The Ergosphere
Thursday, September 30, 2004
 

Wasting energy... with useless textbooks

I promise that this is not going to become an education blog, but I had to point to this Richard Feynman story wherein he recounts his one time reviewing mathematics textbooks.  (Hat tip:  a commenter Jeff_H at joannejacobs.com.)

Textbooks which are confusing, obfuscatory or just plain wrong are more than just a waste of money; they are a crime against the taxpayers, schoolchildren and progress itself. 
Wednesday, September 29, 2004
 

Kill the hydramatic

Q:  How do you take a car that gets 26 MPG going up a hill and turn it into a car that gets 6 MPG?

A:  Make it send all its power through a nice, lossy torque converter.

Yes, I'm serious.  I've got a car with a bunch of nice features, including a highly efficient turbodiesel engine and a trip computer with a not-too-inaccurate MPG meter... and an automatic transmission.  (Wasn't available any other way this model year.)

What's wrong with that? For efficiency, plenty. A torque converter is a way to amplify torque at the expense of power; the slip between the two sides causes fluid to be slung around inside like an O-ring being rolled down a rod, and the stator turns some of that circulating motion into extra torque. This is good for getting away from a standstill, but a 3:1 torque multiplication at stall is still... 0% mechanical efficiency. At low speeds, it's easy for 75% or more of the input power to be lost as heat in the torque converter.

(For those who are lost here, consider the situation of a car standing still on a hill, being pulled by the engine just enough to stop it from sliding backwards.  You could accomplish the same goal by putting a brick behind a tire and shutting the engine off, but instead the engine is spinning faster than normal and being loaded more heavily than a normal idle just to keep the car in the same place.  All of this power and fuel is being wasted in the slippage of the hydraulic torque converter.)

75% losses means using 4x the fuel that is ideally required for the job.  Modern transmissions have "bypass" clutches which lock their torque converters at higher speeds and eliminate the slip losses, but in local and stop-and-go traffic this isn't possible.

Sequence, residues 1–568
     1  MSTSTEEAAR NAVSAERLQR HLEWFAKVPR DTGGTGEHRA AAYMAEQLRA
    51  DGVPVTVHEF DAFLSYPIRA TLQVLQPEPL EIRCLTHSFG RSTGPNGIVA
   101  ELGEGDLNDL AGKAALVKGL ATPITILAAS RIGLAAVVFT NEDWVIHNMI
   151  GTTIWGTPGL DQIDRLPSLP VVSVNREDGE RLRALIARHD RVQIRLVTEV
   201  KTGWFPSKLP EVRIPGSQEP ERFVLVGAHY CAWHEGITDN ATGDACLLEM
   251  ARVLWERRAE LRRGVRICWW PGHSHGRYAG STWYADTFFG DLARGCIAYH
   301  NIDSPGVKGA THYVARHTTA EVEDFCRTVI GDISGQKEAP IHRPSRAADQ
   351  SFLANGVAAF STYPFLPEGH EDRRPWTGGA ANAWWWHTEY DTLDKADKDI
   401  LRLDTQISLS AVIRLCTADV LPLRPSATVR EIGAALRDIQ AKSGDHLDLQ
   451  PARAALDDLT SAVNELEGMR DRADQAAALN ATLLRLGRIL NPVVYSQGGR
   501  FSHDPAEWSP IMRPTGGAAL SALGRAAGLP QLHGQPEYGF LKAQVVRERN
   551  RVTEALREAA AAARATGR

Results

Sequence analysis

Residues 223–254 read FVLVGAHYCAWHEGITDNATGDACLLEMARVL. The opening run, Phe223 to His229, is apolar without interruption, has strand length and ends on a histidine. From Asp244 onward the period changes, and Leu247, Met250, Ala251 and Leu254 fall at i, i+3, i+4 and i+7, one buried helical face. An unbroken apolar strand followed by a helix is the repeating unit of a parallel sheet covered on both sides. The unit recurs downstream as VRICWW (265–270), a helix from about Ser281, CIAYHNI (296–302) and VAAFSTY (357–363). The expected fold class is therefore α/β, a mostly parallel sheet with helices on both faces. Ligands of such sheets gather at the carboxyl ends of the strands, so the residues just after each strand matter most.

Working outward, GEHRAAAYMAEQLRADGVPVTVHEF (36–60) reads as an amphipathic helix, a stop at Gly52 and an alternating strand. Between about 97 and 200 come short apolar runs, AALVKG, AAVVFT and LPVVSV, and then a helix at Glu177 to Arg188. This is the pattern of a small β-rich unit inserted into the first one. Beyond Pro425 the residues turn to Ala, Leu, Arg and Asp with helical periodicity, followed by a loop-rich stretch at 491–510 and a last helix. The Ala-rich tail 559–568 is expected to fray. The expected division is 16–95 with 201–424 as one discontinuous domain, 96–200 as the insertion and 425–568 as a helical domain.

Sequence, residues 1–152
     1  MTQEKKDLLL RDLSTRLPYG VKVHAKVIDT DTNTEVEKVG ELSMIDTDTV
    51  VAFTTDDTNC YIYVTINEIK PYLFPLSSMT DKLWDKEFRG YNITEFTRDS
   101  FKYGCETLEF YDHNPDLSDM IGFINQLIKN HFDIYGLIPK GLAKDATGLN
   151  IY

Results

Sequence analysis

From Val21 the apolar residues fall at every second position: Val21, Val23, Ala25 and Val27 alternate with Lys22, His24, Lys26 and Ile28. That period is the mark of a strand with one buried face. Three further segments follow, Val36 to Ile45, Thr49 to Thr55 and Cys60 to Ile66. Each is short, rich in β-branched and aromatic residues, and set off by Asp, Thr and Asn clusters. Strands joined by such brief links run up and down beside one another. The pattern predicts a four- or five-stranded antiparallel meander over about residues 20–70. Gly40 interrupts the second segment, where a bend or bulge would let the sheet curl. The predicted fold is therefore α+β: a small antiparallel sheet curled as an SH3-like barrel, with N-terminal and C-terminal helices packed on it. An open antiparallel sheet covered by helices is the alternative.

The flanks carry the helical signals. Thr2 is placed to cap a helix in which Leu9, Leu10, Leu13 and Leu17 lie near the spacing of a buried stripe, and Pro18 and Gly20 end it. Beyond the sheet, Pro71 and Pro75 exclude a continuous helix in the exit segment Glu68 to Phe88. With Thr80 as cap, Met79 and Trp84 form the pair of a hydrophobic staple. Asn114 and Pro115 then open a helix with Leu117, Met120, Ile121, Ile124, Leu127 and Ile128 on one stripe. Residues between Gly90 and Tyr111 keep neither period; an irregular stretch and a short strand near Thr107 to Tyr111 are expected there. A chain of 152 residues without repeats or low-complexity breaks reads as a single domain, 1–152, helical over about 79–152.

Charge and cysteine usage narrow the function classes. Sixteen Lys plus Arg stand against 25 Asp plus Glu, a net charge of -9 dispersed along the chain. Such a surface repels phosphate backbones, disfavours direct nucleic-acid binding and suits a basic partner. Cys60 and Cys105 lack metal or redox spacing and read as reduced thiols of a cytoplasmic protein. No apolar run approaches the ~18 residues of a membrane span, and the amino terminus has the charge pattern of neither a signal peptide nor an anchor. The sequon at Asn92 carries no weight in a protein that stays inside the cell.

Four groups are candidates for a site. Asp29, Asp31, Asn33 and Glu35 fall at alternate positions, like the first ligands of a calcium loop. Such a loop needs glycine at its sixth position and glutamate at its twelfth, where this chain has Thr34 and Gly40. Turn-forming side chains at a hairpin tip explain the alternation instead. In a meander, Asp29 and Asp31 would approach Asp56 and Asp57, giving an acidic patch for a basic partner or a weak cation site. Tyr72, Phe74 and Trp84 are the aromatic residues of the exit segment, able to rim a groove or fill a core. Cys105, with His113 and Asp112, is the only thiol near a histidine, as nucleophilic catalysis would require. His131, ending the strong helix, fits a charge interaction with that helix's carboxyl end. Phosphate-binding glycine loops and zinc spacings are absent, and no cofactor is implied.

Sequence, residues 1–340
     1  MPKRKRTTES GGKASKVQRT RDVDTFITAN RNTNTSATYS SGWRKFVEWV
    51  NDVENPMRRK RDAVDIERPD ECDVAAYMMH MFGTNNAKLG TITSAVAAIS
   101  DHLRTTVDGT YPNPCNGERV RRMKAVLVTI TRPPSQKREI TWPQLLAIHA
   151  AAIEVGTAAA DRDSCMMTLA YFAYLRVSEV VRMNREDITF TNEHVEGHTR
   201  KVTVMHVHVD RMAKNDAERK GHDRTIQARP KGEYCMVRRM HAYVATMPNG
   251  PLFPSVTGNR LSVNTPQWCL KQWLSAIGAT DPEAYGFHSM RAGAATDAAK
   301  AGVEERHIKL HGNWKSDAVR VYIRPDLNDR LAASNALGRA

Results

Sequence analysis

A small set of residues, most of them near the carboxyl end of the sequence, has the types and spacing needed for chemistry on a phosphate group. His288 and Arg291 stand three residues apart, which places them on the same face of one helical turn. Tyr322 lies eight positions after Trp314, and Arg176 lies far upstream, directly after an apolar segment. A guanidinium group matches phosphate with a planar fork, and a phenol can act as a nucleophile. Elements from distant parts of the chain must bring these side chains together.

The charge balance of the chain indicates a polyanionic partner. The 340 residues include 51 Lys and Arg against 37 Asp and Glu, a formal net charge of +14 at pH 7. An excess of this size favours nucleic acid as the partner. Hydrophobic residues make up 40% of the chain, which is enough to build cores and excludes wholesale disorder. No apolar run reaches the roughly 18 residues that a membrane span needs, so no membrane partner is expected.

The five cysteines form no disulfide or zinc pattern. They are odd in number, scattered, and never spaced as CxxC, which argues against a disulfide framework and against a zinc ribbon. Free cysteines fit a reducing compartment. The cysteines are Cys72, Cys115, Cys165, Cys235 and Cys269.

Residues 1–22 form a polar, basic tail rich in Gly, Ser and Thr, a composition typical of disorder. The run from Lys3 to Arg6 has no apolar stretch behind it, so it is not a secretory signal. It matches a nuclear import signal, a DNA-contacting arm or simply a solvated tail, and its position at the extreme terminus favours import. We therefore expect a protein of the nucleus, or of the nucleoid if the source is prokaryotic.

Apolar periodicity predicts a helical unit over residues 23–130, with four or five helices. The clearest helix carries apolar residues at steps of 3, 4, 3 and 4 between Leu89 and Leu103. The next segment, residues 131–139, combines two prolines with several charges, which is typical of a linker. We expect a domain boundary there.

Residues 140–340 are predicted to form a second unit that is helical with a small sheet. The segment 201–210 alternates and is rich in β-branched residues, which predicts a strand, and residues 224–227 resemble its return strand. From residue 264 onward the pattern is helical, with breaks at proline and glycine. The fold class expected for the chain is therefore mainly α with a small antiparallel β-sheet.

Toyota has a better way, in the Prius at least.  The Prius has an automatic transmission, but no torque converter.  Instead, it has a gear arrangement such that the slip between the engine and final drive moves, not fluid, but a motor/generator.  The energy that would be lost in a conventional automatic is turned into electricity instead, and that electricity either feeds a second motor (to add torque much more efficiently than hydraulic fluid) or is stored in a battery.  A little bit of slip at the engine can maintain a lot of stall torque at the second motor, making the whole affair much more efficient in low speed, stop-and-go driving.  And the electric motors used in cars, unlike torque converters, can create torque at zero speed with a minimum of power being wasted.

Yes, two motor/generators are more expensive than some brazed sheet metal formed into a doughnut-shaped chamber filled with type F.  But ask yourself this:  how much are you willing to spend to cut the number of madrassas training the next generation of Mohammed Attas? 
Friday, September 17, 2004
 

A sad day

Upon my return to the world of blogs, I began to check my must-read list of other bloggers.  At the top is USS Clueless.  To my dismay, I found a declaration from Steven Den Beste that he has stopped writing.

Not that he and I agree all the time; far from it.  He is very tired of certain topics near and dear to my heart, and this shows in the rigor (or lack thereof) with which he treats them.  But when he's good, he's very, very good and it is a crying shame that he's no longer getting the emotional return on his investment of time.  The whole world is poorer. 

Talk largely about energy and work, but also politics and other random thoughts


Mail Engineer-Poet

(If you're mailing a question, is it already in the FAQ?)

Important links

The FAQ
Glossary
The Reference Library

Blogchild of

Armed and Dangerous

Blogparent of

R-Squared




The best prospect for our energy future:
Flibe Energy

ARCHIVES
January 1990 / February 2004 / March 2004 / June 2004 / July 2004 / August 2004 / September 2004 / October 2004 / November 2004 / December 2004 / January 2005 / February 2005 / March 2005 / April 2005 / May 2005 / June 2005 / July 2005 / August 2005 / September 2005 / October 2005 / November 2005 / December 2005 / January 2006 / February 2006 / March 2006 / April 2006 / May 2006 / June 2006 / July 2006 / August 2006 / September 2006 / October 2006 / November 2006 / December 2006 / January 2007 / February 2007 / March 2007 / April 2007 / December 2007 / January 2008 / May 2008 / June 2008 / August 2008 / October 2008 / November 2008 / December 2008 / February 2009 / March 2009 / April 2009 / May 2009 / June 2009 / July 2009 / August 2009 / September 2009 / October 2009 / November 2009 / December 2009 / January 2010 / April 2010 / May 2010 / June 2010 / July 2010 / August 2010 / September 2010 / October 2010 / November 2010 / December 2010 / January 2011 / February 2011 / March 2011 / April 2011 / May 2011 / July 2011 / August 2011 / September 2011 / October 2011 / April 2013 / November 2013 / December 2013 / January 2014 / February 2014 / March 2014 / April 2014 / July 2014 / August 2014 / September 2014 / October 2014 / November 2014 / February 2015 / April 2015 / October 2015 / March 2016 / April 2016 / May 2016 / June 2016 / July 2016 / November 2016 / December 2016 / February 2017 / May 2017 / June 2017 / September 2017 /


Powered by Blogger

RSS feed

Visits since 2006/05/11: